For an Informed Love of God
You are here
Natural Language Translation (John 6:11)
Are you familiar with the term “natural language”? It is a translation theory that seeks to say, for example, in English the same thing as is said in Greek, but to say it is naturally as possible for the English speaker.
In other words, the order of the Greek sentence and its grammatical forms are of less significance than how the English reader hears the biblical text.
So, for example, if a sentence has one independent clauses, two prepositional phrases, and a relative clause, conveying that structure is not as important as is producing an English translation that feels totally natural to the English reader. The dominating question for the translator is, “How would I say that?”
I was reading through John the other day and noticed 6:11. The NIV reads, “Jesus then took the loaves, gave thanks, and distributed to those who were seated as much as they wanted. He did the same with the fish.” What struck me as a tad peculiar was the placement of the phrase, “as much as they wanted” (ὅσον ἤθελον). I don’t know about you, but it feels awkward to me, and I am not used to the NIV feeling awkward.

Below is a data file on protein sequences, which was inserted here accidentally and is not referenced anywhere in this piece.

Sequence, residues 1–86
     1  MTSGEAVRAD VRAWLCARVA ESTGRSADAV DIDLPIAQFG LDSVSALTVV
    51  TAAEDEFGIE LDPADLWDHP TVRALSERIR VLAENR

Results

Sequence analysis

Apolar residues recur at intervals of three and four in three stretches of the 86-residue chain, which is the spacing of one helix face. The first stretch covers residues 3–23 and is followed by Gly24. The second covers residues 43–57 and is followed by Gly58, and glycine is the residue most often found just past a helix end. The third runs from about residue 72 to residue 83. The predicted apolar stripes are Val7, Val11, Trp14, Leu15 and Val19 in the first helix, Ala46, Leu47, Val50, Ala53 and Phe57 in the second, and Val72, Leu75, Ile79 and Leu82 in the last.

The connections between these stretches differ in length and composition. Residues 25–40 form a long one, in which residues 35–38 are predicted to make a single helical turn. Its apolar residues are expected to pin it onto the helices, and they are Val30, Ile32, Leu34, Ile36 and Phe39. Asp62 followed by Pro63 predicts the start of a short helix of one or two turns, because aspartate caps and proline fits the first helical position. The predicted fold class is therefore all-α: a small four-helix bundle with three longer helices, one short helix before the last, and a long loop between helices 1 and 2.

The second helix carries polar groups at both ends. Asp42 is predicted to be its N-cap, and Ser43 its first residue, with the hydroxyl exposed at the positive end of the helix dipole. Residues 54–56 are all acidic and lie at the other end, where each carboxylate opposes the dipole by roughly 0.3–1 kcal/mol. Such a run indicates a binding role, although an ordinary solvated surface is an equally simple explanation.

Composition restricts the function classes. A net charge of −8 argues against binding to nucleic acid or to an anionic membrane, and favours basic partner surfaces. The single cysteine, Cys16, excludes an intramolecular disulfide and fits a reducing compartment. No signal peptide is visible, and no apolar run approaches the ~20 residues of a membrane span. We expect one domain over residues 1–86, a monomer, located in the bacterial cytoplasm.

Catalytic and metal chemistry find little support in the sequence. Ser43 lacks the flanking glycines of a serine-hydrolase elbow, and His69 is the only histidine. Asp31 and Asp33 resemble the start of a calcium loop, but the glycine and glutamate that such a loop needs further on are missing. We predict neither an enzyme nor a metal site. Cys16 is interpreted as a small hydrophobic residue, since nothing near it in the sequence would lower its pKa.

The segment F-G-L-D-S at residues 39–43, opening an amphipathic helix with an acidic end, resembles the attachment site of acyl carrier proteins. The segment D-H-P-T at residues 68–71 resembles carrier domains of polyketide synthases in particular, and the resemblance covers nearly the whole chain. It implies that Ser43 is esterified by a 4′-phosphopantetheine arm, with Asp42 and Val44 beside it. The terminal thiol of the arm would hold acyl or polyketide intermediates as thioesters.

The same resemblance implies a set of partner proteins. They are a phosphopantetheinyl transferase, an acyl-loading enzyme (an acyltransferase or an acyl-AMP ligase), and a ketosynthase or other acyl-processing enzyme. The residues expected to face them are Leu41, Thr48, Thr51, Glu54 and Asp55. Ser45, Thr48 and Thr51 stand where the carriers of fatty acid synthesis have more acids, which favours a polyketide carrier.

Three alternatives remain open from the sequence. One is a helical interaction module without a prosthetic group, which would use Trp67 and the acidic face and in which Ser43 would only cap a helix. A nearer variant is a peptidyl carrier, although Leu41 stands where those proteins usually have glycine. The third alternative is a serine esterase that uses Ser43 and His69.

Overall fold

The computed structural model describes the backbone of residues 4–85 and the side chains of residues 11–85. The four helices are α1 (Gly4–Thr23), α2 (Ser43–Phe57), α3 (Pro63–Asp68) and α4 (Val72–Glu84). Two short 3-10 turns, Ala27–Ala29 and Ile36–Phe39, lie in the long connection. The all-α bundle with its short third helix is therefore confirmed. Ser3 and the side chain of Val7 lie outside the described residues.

But when you check the grammar, it gets even more interesting. ὅσον is neuter singular. ὀψαρίων is neuter plural. “As much as” doesn’t go back to the fish; it must be adverbial going back to “distributed.“ So if you just go word for word, you get an incorrect translation. The ESV says, “So also the fish, as much as they wanted” (also the NASB, NRSV, HCSB, NET).
The NIV pulls the phrase back to the verb so you can see the connection, but it still feels a little awkward. The NLT, on the other hand, is a natural language translation. They write, “Afterward he did the same with the fish. And they all ate as much as they wanted.” They add in “they all ate,” but in doing so they keep the phrase from being incorrectly connected with “fish.”
This is a good example of the force of translation philosophy, and how much of the Greek structure is going to be conveyed and how naturally (to the English ear) it feels.